The Uncommon Merger – Alex Leikikh Posted on

Alex Leikikh, Worldwide CEO of MullenLowe Group, on what makes MullenLowe merger strong and enduring, exporting ‘bundling’ to international markets and why MullenLowe Lintas India operations make him proud


It was in May that the Interpublic Group announced that its creative agencies Mullen and Lowe & Partners would merge to form the MullenLowe Group, aiming to form a creatively-driven global agency network with a strong, shared entrepreneurial heritage and challenger mentality. Alex Leikikh, previously Mullen’s CEO, was named Worldwide CEO of the new MullenLowe Group.

On the heels of the merger, the agency’s India operation announced rebranding at the group level, to form the MullenLowe Lintas Group, with Lowe Lintas and the newly launched Mullen Lintas as its two brands in the advertising domain, besides its other operating divisions.

Talking of the merger, Leikikh says, “We had two key reasons; No. 1 is that we had a number of clients looking for representation overseas, where we didn’t have any offices. As we’ve added clients with global ambitions, we needed reach in international markets. No. 2, we’re only as good as people who work for us. It is a talent business at the heart of it and we are on a global hunt for talent constantly. Look at the talent in India, Spain, Columbia… it is really amazing. Lowe is a strong international company with no significant global presence; it was perhaps the only global network that didn’t have a strong US presence.” He has been spending time in various international markets and plans to visit India soon.

Leikikh talks in detail about the meticulous planning that went into the merger. “When Michael Wall, former CEO and I got together with Michael Roth at IPG, we spent a lot of time looking at aspects like – Do our values match? Are we entrepreneurial in nature? Are we creatively driven? We wanted to make sure we were aligned. And we concluded ‘Yes’, because the work coming out of the best markets in the world within Lowe is amazing. Take Spain, UK, Columbia, India and there are pockets in Southeast Asia as well, the guys in Indonesia… When you look at that and our work in the States, which is creatively strong, we thought our values are a perfect match.”


“This is an unusual merger because most mergers involve cost-cutting,” observes Leikikh. “This merger had nothing to do with cost-efficiency. This was about getting Lowe into the US and Mullen into international markets, and liquid talent across the network. Both the companies are doing fine financially and we are going to continue to pitch business together and add global revenues, but what we really want to do is to focus on adding another one or two multinational clients to the roster.”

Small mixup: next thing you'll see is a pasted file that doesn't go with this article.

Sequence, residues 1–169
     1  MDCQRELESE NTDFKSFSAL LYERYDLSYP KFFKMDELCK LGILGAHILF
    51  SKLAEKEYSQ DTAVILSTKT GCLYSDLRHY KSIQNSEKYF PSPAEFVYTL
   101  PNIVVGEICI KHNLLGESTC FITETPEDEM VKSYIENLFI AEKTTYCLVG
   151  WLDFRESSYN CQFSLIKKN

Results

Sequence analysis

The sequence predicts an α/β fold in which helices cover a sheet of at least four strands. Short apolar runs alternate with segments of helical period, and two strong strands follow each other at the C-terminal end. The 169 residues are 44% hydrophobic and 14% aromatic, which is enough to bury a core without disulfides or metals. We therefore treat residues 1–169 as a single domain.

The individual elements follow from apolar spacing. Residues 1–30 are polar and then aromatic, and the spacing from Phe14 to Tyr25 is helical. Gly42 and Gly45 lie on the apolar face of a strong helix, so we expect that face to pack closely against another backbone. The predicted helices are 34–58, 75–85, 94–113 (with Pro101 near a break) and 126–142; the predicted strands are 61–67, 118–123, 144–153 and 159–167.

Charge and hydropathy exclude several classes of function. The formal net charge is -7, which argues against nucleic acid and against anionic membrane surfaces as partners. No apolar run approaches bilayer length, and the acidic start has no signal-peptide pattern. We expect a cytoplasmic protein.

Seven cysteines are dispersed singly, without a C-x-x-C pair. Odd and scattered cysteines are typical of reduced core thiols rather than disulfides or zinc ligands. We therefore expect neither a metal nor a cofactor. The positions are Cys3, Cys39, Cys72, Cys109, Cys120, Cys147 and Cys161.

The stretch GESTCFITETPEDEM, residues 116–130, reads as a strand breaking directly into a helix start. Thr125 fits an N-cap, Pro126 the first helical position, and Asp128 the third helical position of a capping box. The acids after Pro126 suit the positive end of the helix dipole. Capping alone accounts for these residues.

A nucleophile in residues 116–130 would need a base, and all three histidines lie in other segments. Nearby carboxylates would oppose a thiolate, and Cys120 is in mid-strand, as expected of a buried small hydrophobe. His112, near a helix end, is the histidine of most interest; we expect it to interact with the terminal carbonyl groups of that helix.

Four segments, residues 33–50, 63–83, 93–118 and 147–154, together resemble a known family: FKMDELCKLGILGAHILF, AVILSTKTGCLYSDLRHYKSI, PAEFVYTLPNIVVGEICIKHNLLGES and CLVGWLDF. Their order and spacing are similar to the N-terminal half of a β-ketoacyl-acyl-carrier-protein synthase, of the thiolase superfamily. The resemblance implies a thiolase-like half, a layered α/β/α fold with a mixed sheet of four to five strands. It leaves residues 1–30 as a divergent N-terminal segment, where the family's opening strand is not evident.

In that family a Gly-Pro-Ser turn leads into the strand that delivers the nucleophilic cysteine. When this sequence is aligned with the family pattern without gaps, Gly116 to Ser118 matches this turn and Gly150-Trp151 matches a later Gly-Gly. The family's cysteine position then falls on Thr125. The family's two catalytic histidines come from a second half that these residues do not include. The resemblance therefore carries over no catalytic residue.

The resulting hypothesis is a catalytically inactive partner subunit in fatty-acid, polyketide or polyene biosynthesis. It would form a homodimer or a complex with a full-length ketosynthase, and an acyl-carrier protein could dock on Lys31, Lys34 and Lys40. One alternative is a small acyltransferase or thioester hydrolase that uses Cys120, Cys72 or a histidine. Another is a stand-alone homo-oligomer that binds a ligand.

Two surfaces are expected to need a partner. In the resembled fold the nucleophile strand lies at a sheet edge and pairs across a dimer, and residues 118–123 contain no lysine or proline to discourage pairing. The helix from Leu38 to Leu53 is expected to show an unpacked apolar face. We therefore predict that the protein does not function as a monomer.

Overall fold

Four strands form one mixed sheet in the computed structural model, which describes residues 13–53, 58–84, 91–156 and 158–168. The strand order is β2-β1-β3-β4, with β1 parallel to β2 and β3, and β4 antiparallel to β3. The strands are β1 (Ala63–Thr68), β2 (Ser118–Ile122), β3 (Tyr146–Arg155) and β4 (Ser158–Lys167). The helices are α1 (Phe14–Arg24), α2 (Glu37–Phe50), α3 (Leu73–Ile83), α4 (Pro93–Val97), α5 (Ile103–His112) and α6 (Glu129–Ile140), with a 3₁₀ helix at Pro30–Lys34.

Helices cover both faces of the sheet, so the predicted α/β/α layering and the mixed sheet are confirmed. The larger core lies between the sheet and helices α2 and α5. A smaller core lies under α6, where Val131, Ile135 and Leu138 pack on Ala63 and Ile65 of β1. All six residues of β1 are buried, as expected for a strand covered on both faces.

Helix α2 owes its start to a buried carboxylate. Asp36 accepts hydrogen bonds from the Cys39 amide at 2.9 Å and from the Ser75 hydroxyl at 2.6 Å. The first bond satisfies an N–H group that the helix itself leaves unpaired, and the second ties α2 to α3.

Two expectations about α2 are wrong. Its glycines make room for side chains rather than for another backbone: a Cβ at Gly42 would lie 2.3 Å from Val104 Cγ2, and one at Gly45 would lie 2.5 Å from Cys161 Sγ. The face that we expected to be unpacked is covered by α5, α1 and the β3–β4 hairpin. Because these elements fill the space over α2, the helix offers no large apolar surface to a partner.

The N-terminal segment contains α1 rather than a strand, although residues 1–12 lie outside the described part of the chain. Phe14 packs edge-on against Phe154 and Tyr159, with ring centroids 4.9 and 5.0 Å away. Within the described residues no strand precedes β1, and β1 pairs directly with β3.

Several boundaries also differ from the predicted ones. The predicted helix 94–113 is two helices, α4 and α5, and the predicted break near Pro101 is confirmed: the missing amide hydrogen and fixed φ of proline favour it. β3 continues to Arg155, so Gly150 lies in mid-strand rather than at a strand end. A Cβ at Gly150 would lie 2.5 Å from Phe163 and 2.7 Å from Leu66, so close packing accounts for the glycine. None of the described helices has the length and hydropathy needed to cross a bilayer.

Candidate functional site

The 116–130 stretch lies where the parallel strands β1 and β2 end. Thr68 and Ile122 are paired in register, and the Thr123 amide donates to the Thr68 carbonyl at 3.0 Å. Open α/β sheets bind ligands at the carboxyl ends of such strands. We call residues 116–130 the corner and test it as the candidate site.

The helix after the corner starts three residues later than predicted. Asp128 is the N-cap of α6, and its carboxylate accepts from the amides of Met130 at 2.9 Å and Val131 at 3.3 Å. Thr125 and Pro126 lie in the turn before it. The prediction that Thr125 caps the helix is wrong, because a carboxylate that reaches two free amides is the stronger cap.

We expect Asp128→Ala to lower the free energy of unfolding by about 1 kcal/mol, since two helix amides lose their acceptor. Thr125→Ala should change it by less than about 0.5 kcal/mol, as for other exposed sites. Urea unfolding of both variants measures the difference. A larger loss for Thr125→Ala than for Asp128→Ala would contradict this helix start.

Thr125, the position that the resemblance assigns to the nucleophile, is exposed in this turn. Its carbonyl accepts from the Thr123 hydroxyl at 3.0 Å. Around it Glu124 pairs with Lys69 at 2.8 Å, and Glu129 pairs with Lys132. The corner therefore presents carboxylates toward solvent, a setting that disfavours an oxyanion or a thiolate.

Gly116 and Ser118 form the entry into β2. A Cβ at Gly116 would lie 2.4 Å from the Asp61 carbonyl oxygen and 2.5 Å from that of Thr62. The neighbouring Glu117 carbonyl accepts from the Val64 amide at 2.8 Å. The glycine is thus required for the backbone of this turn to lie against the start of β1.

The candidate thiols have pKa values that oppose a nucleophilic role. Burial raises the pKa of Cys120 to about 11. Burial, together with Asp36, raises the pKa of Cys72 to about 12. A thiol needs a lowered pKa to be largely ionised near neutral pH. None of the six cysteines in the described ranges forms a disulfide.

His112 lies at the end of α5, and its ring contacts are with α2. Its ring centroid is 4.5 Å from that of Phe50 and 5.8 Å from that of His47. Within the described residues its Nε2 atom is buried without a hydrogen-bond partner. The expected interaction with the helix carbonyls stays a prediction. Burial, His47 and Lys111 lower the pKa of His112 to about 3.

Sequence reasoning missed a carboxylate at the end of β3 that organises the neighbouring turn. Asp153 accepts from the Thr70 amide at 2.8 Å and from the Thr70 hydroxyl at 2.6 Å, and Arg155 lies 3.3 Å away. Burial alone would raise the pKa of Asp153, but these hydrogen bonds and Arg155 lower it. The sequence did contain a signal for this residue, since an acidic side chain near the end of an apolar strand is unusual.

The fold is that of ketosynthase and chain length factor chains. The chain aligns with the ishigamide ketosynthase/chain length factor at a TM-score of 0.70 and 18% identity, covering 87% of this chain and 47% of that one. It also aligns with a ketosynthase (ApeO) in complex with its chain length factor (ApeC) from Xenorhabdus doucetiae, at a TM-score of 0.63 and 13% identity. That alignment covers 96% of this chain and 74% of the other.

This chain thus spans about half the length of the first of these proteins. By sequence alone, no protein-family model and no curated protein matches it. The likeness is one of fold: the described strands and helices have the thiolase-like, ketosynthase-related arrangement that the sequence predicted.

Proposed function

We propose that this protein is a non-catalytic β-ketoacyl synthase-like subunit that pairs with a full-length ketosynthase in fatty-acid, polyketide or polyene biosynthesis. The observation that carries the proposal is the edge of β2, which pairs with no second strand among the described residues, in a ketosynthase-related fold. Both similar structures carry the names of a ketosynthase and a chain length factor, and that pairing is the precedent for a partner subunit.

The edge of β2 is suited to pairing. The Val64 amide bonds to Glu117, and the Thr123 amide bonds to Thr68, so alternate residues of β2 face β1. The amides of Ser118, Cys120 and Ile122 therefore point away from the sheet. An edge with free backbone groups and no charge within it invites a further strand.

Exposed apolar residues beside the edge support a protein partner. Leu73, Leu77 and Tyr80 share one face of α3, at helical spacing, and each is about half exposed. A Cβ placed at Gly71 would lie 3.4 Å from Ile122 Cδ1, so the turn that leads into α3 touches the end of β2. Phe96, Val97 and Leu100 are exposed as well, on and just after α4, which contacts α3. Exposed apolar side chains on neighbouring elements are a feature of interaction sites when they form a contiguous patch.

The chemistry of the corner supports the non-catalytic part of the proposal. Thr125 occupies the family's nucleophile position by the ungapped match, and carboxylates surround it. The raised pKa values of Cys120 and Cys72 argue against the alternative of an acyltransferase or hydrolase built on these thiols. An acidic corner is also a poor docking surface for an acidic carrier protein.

Leikikh believes there are wonderful, talented, nice, normal people in the business: “I have found normal, nice, talented people in our network. I have found people who are really excited about the model we’ve built in the US,” he says. Leikikh would like to take that bundled idea and export it. He explains, “We have room in a lot of markets to bring our standalone internal media company… there’s an appetite for that brand to enter markets like India, Australia. There is a lot of appetite for the idea of creating a model global network around a bundled model.”


Leikikh is all praise for Lowe India. He remarks, “Joe (Joseph George) took me through the history of the agency and showed me the work. I viewed it like a customer. It was one of the most extensive presentations with 30 commercials. It’s a very diverse office working on hundreds of clients. Lot of agencies would have two or three massive clients and a bunch of little ones. India has got hundreds. It is hard to manage. But it is very well run. Joe is a strong executive. In some markets, you say I need to fix that and that too… we don’t have that problem in India. Strong leadership, strong creative, strong financial performance. It is not a problem I need to fix in any way. I am very happy with it.”

Meanwhile, he explains at length how joint participation will work during pitches post the merger. “First of all, when we do a global pitch, a big multinational one, we are going to tap the skills and resources of our offices around the world and certainly we will tap into the abilities of Joe and the creative guys in India to help us pitch globally. Not only to represent the market locally, but to develop our strategies and ideas on a global basis,” Leikikh says, adding that just because you are in an office in India, doesn’t mean that your ideas can’t go live on a global scale. “Secondly, we have already started doing this when we have brand opportunities and briefs in the US on either new or existing business.

We send those briefs out into the key markets. So the guys in India are going to have a shot at working on US brands. There is amazing brain-power beyond creative in India. Look at the volume of strategists and analysts the market produces, for example. There is an amazing opportunity to build a strategies and analytics practice in the market.”


On whether acquisitions are in the pipeline, Leikikh says the answer is yes. The prime short term identified need is to bring activation and sharper marketing practices of the UK, into the States, in a modern way. “That’s the obvious need because that’s what the market is telling us,” sums up Leikikh.

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